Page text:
A beautiful journey, orchestrated by the BCRC
This blog post was contributed by Martha O., a member of our Breast Cancer Resource Center.
Twenty years ago, I heard the words no woman wants to hear: you have breast cancer. And while 20 years has provided distance and space, my memories of that time in my life remain incredibly clear. My breast cancer diagnoses came on the heels of so many other life changes I was experiencing. I was approaching my mid-50s and at the onset of menopause. I was an empty-nester, with my two children finishing college and ready to sprout their wings in the world. I was also recently divorced. To say it was a time of great upheaval would be an understatement; I knew it was up to me to shape my new life. What I hadn’t anticipated in my next chapter was my diagnosis. That I am here today I credit a few crucial things:
- I never missed an annual mammogram. Self-exams never made sense to me because my breasts always felt lumpy and often sore. Mammograms were painful but critical. I wasn’t shocked when the radiologist needed a close-up of my breast, but I was sad and anxious when hearing my diagnosis.
- Pure luck. I was very lucky my cancer was discovered at an early stage. I was also lucky it was not an aggressive form of the disease. My brilliant, darling friend Meg was not as lucky; she had skipped her mammograms for 2 years, and when she finally got one at my urging, her cancer diagnosis was more advanced.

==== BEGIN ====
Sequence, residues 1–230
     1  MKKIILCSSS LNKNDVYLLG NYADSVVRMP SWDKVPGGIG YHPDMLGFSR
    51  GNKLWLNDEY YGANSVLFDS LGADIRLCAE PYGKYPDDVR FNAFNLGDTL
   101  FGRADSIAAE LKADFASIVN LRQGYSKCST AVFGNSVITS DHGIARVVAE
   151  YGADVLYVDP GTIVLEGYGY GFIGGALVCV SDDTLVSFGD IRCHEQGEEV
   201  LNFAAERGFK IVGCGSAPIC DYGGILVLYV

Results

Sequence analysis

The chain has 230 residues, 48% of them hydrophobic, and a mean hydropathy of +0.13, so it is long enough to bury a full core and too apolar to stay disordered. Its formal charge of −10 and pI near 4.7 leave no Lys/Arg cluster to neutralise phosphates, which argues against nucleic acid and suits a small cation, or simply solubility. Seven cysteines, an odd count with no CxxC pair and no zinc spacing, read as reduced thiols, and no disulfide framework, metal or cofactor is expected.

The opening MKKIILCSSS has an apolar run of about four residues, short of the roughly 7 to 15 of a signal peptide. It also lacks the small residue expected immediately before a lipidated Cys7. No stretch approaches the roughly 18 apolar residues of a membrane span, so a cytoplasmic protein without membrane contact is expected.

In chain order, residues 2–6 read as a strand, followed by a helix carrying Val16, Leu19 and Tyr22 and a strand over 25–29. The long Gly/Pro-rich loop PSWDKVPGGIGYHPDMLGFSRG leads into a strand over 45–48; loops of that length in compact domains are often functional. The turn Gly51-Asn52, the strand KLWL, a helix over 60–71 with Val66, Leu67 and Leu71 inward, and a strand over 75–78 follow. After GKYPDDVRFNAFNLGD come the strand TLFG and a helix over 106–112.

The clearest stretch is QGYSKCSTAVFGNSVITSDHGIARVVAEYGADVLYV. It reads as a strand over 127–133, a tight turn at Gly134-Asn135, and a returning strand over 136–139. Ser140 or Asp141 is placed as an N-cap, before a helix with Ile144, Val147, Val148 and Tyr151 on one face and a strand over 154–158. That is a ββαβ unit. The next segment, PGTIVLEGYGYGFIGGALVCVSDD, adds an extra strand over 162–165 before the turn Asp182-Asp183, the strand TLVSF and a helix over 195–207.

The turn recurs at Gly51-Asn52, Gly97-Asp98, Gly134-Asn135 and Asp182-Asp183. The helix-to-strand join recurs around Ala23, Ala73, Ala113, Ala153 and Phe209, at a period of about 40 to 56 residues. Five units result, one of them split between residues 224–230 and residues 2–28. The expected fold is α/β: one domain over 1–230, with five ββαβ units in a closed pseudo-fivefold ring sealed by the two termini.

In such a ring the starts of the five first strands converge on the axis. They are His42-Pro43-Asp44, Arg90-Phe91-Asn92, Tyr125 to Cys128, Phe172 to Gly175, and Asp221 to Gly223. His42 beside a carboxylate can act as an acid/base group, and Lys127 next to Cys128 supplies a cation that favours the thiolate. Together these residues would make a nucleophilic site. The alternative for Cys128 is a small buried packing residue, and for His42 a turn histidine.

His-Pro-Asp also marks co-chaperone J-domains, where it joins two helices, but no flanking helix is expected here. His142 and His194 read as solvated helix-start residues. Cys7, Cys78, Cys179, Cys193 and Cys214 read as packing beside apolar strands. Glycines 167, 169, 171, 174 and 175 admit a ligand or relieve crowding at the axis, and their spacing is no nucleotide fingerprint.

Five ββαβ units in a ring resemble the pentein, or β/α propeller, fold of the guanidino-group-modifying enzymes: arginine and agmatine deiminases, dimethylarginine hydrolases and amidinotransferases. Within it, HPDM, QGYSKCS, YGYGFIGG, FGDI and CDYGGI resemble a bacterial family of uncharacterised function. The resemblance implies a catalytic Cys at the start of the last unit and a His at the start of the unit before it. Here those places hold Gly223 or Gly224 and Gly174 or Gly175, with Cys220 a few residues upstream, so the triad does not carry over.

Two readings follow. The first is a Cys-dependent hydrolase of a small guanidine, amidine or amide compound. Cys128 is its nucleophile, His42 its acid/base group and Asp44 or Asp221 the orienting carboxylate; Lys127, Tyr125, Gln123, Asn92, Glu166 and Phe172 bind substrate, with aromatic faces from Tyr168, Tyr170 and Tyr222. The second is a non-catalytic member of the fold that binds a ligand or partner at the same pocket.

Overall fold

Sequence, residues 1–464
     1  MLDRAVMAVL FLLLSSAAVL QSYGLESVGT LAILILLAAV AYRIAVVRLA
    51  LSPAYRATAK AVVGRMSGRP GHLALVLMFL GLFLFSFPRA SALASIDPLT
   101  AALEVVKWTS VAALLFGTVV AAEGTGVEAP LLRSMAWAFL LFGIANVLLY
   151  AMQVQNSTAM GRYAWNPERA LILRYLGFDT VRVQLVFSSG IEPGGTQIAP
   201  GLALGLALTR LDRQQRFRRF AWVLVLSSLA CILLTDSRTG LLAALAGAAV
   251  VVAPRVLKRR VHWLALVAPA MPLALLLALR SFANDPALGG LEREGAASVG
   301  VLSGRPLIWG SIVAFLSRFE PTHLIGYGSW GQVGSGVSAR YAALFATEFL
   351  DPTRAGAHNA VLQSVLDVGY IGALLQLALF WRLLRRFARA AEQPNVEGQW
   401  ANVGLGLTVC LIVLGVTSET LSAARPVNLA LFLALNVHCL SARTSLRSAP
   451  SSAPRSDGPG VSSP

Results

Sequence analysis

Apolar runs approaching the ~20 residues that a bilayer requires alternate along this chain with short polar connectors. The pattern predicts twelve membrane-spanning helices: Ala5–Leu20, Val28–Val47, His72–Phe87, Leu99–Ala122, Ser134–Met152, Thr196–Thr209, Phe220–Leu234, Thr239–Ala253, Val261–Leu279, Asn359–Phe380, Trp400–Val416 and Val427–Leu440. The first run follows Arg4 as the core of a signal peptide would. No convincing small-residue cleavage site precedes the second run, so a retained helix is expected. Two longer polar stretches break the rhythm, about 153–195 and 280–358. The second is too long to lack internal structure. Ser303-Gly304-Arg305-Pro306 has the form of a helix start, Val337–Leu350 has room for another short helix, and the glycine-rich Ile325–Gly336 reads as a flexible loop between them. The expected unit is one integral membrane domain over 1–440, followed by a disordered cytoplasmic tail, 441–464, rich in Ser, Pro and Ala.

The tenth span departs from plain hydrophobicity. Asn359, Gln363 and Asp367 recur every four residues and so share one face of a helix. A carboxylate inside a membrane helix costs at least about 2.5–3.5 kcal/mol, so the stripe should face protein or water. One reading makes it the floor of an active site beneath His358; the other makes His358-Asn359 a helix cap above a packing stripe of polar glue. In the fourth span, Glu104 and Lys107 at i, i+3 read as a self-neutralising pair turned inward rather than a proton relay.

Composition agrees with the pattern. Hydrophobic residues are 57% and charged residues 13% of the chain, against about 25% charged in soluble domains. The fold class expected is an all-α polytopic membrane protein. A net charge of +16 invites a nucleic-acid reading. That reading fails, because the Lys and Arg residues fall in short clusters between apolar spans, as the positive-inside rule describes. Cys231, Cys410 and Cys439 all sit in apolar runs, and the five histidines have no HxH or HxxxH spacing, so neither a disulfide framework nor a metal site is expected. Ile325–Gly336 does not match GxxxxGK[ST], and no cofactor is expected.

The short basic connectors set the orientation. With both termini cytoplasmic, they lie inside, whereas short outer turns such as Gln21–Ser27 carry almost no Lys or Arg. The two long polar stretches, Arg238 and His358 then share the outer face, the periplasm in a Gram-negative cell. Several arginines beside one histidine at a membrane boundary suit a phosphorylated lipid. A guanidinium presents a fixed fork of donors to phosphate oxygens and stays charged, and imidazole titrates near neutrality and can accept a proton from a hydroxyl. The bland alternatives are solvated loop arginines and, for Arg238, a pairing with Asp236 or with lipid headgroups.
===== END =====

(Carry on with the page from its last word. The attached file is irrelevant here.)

My own experience with cancer included 3 surgeries and weeks of radiation that seemed like an eternity. It wasn’t until after that Meg led me to the the YWCA Princeton’s BCRC—another moment of pure luck for which I am thankful. Together, we embarked on a beautiful journey orchestrated by the BCRC and the many incredible programs they provided. It was here that I made lifelong friendships through the many incredible programs we participated in: art and journaling, cooking (and eating!), exercising, counseling, and countless other experiences I have come to treasure deeply.
This brings me to #3. I asked for help. Walk through those doors to the BCRC, and sign up for a program–any program. Explore the possibilities. Don’t be shy in asking for help. Everyone needs help at different points in our lives.
I love the BCRC because they meet you where you are in your breast cancer journey, whether you were diagnosed 2 weeks or 20 years ago. They make this journey a little less lonely and a lot more hopeful. I am grateful for those moments of joy and comfort the BCRC has made possible. Please consider making a gift to the BCRC today to ensure that women like you and like me continue to have access to such a critical lifeline of community and care.